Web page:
EGU General Assembly 2022
© Author(s) 2022. This work is distributed under
the Creative Commons Attribution 4.0 License.

Water vapor isotopic signature along the EAIIST traverse

Mathieu Casado1,2, Christophe Leroy-Dos Santos1,3, Elise Fourré1, Vincent Favier4, Cécile Agosta1, Laurent Arnaud4, Frédéric Prié1, Pete D. Akers4, Leoni Janssen1, Christoph Kittel5, Joel Savarino4, and Amaelle Landais1
Mathieu Casado et al.
  • 1Laboratoire des Sciences du Climat et de l'Environnement, LSCE/IPSL, CEA-CNRS-UVSQ, Université Paris-Saclay, Gif sur Yvette, France
  • 2Alfred Wegener Institut Helmholtz Centre for Polar and Marine Research, Potsdam, Germany
  • 3Department of Physics, CESAM-Centre for Environmental and Marine Studies, University of Aveiro, Aveiro, Portugal
  • 4Institut des Geosciences de l'Environnement (IGE), Université Grenoble Alpes / CNRS, UMR 5001, Grenoble, France
  • 5Laboratory of Climatology, Department of Geography, University of Liège, Liège, Belgium

Stable water isotopes are a tracer of hydrological processes and a paleoclimate proxy from ice core records. The interpretation of the latter relies on fractionation processes throughout the hydrological cycle, from the evaporation over the ocean, during each precipitation event, and during post-deposition processes, in particular due to the exchanges between the snow and the moisture in the atmosphere. Thanks to new developments in infrared spectroscopy, it is now possible to monitor not only the snow isotopic composition but also the vapour continuously, and thus document exchanges between the snow and the vapour. On the East Antarctic Plateau, records of water vapour isotopic composition in Kohnen and Dome C during summer have revealed significant diurnal variability which can be used to address the exchange between surface snow and atmospheric water vapour as well as the stability of the atmospheric boundary layer. 

In this study, we present the first vapour monitoring on a transect across East Antarctica for a period of 3 months from November 2019 to February 2020 during the EAIIST traverse, covering more than 3600 km. In parallel, we also monitored the vapour isotopic composition at two stations: Dumont D’Urville (DDU), the starting point, and Dome C, half way through. Efforts on the calibration on each monitoring station, as well as cross-calibration of the different instruments offer a unique opportunity to compare both the spatial and temporal (diurnal variability or at the scale of several days) gradients of humidity, temperature and water vapour isotopic composition in East Antarctica during the summer season.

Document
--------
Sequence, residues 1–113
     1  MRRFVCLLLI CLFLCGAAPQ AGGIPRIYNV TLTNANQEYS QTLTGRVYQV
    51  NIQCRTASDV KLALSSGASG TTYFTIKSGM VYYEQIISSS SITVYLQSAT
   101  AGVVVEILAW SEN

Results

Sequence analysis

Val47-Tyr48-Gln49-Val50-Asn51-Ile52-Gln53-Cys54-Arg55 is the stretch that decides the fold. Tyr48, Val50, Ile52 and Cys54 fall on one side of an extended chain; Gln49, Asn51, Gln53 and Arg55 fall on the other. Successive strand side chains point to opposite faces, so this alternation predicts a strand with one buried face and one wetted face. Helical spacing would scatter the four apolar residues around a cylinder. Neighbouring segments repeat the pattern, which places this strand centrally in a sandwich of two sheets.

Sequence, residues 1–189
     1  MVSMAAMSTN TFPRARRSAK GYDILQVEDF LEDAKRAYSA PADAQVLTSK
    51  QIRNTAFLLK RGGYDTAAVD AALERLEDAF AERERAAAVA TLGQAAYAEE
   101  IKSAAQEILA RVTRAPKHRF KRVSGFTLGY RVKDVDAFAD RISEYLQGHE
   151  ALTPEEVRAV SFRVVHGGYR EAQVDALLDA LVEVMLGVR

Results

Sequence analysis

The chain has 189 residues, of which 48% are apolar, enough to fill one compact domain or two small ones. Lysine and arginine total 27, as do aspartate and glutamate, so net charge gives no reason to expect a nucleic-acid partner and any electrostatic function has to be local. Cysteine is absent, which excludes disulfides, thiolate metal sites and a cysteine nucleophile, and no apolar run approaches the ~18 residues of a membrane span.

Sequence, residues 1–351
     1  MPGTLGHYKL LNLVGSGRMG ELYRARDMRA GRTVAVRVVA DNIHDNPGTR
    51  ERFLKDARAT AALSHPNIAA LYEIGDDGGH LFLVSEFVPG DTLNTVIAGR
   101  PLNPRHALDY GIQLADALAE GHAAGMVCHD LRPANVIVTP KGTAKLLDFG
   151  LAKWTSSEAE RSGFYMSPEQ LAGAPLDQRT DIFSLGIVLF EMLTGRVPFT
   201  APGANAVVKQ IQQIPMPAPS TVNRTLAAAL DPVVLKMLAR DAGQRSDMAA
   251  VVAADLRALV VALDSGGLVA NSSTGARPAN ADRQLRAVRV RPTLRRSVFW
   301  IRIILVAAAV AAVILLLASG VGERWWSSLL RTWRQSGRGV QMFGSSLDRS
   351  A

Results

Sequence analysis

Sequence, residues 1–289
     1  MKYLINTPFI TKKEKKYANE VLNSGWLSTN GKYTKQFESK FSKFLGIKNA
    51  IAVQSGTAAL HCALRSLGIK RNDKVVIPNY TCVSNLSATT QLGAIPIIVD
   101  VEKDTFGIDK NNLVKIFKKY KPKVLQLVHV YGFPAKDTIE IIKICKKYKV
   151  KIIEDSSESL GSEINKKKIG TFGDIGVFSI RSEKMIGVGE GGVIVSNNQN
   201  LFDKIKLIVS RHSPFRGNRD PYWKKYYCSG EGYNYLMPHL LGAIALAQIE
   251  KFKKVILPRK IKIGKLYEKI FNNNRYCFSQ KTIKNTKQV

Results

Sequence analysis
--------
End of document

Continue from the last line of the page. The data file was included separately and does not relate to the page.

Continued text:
With the use of the Modele Atmospherique Régional (MAR), we compare the variability measured in water vapour isotopic composition, temperature and humidity with the different systems (fixed or mobile location). Although further comparisons with the surface snow isotopic composition are required to quantify the impact of the snow-atmosphere exchanges on the local surface mass balance, these three simultaneous measurements of the vapour isotopic composition show the potential of using water stables isotopes to evaluate hydrological processes in East Antarctica.  

How to cite: Casado, M., Leroy-Dos Santos, C., Fourré, E., Favier, V., Agosta, C., Arnaud, L., Prié, F., Akers, P. D., Janssen, L., Kittel, C., Savarino, J., and Landais, A.: Water vapor isotopic signature along the EAIIST traverse, EGU General Assembly 2022, Vienna, Austria, 23–27 May 2022, EGU22-13362,, 2022.